A number of factors influenced the violence inflicted upon Soviet POWs. In part, it was the product of a racist ideology deeply entrenched within the German military, an ideology that produced a sense of absolute superiority. Interestingly, with the exception of ethnic Germans and Jews, relatively little distinction was made between different ethnic groups among POWs. Anti-Communism represented another factor in the maltreatment of Soviet prisoners. Given the flight and evacuation of Soviet officials from territories conquered by the Germans, Soviet POWs were, by and large, the only representatives of the Soviet state ever to fall into German hands. Accordingly, the German military tended to treat them as if they were responsible for all Soviet "crimes." This mentality may have contributed to the fact that the death rate among Soviet POWs remained significantly higher than that of the 2 million Soviet civilians deported to Germany as forced labor from 1942. The combination of racist and anti-Bolshevik sentiments resulted in the assignment of particularly exhausting and dangerous work to Soviet POWs, such as quarry mining. Finally, local emergencies, whether concerning German troop supplies and transportation or the fear of civil revolt and resistance, often led regional occupation authorities to undernourish and undersupply Soviet POWs further, a policy that only elevated their already high death rates. The death rate in the General Government of Poland and in areas under the control of Army Group Center in late 1941, for example, exceeded 30 percent per month. The recurrence of such local emergencies helps to account for the substantial discrepancies in mortality rates in different regions at any given time. 

While economic, military, and political considerations were not fully independent of ideological motives, they played critical roles in the ongoing crescendo of violence against Soviet POWs. Indeed, it was precisely the combination of virulent racism, anti-Communism, and key moments in a deadly military conflict that produced conditions under which extreme political and military measures appeared justified and mass death seemed inevitable.

Hilfswillige – Hiwi

290. Infanterie-Division--Hilfswillige being awarded. September 1943

The Germans would allow no `Russian' political administration, but there was a considerable effort to recruit the local inhabitants at the grass-roots to aid the Axis cause. Millions of people were conscripted as forced labourers. The Germans were also able to secure the services of a very large number of Soviet citizens in their armed forces, as German Army auxiliaries (the Hilfswillige - Hiwi), but also even as military units, some directly involved in counter-insurgency duties. This recruitment to serve the Reich in fields, mines, factories and even in military uniform was most successful among the non-Russian nationalities. There were several distinct reasons for this, including the fact that most of the German-occupied territory was inhabited by minorities.  In European terms this contribution was large, partly due to the huge pool of potential personnel.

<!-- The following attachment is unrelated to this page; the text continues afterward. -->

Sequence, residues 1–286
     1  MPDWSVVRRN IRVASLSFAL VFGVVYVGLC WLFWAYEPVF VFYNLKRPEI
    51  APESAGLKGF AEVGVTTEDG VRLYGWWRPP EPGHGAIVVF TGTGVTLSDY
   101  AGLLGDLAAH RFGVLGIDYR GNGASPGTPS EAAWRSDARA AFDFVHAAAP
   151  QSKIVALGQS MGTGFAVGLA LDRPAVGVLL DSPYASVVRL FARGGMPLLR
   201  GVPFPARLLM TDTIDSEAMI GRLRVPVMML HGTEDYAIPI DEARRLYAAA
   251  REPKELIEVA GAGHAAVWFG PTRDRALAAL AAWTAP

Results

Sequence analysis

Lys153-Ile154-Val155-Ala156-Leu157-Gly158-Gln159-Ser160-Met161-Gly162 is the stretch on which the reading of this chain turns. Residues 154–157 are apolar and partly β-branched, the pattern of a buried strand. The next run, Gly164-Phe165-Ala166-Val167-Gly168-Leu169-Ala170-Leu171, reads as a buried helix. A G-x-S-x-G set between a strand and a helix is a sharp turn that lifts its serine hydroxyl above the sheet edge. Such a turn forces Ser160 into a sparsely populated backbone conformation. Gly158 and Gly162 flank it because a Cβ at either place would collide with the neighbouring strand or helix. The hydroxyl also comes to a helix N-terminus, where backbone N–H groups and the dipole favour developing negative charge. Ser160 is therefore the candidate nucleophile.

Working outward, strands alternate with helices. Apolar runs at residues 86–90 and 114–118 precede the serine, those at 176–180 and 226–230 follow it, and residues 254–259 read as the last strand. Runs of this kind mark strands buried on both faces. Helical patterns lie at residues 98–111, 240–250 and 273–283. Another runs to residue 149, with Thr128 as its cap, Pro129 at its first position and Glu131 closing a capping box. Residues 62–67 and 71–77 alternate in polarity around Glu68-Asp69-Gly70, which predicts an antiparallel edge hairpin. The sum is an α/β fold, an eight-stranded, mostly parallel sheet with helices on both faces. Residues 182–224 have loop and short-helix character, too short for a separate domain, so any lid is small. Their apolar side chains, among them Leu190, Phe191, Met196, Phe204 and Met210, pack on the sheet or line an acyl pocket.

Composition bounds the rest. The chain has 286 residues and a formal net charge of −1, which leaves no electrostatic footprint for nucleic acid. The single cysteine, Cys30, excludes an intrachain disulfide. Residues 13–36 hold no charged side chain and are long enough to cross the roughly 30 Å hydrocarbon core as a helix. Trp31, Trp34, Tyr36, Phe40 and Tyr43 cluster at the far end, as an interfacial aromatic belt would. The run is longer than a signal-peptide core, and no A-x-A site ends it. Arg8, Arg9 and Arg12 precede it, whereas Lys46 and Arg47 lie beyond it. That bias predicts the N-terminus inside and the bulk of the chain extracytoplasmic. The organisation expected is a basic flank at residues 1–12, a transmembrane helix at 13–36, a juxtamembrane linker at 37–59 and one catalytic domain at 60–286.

Operation "Blau" was launched on 28 June 1942, and by mid- September-that is, even before the battle of Stalingrad began taking its toll--over a third of a million men were lost. 45 Following the destruction of Paulus' 6 Army in the cauldron of Stalingrad, the Soviet counter-offensive of winter and autumn 1943, and the abortive German "Zitadelle" offensive, losses rocketed to unprecedented levels. Between November 1942 and October 1943 the Ostheer sustained well over a million and a half casualties (including the sick), of whom close to 700,000 were permanently lost. As replacements could not keep up with this rate of casualties, no less than 40 divisions were either disbanded or re-grouped into so-called "small divisions," and the establishment figures of the remaining formations were cut almost by half to 10,700 soldiers. Indeed, by December 1943 the Ostheer's overall strength was down by more than a million men to just over 2,000,000 soldiers. In an attempt to make up for this mammoth shortage, the army now greatly intensified the conscription of Soviet POWs and civilians, euphemistically called volunteers, or Hiwis, whose number ultimately reached some 320,000 men. While the Hiwis were distributed among German formations mainly as replacements for service troops ordered to combat duty, another 150,000 men belonging to Soviet national minorities were organized into semi-independent Ostlegionen, though even in this case most command positions were held by Germans. 46 Yet none of these measures, including the transfer to the front in the second half of 1943 of another half a million noncombat troops from the rear, young recruits, women, foreigners, and ethnic Germans, could make up for the increasing losses. 47 In summer 1944 the great Soviet offensive against Army Group Center claimed a monthly average of over 200,000 soldiers and almost 4000 Hiwis during the five months between 1 July and 31 December. Indicative of the much greater weight of the Eastern Front even following the Allies' landing in Europe is that in the West the monthly average of German casualties during the same period was just over 8000 men. 48 By November 1944 the Ostheer's total manpower had further declined to 1,840,000 men, and that in spite of the recruitment of yet more UK-Stellen personnel and the conscription of 16-year-old lads. 49 By the end of March 1945 the Ostheer's overall casualties mounted to 6,172,373 men, or double its original manpower on 22 June 1941, a figure which constituted fully four-fifths of the total losses sustained by the Feldheer on all fronts since the invasion of the Soviet Union. 50 And yet, among combat units at the front casualties were proportionately much higher still, with a corresponding impact on the formation and life-expectancy of "primary groups."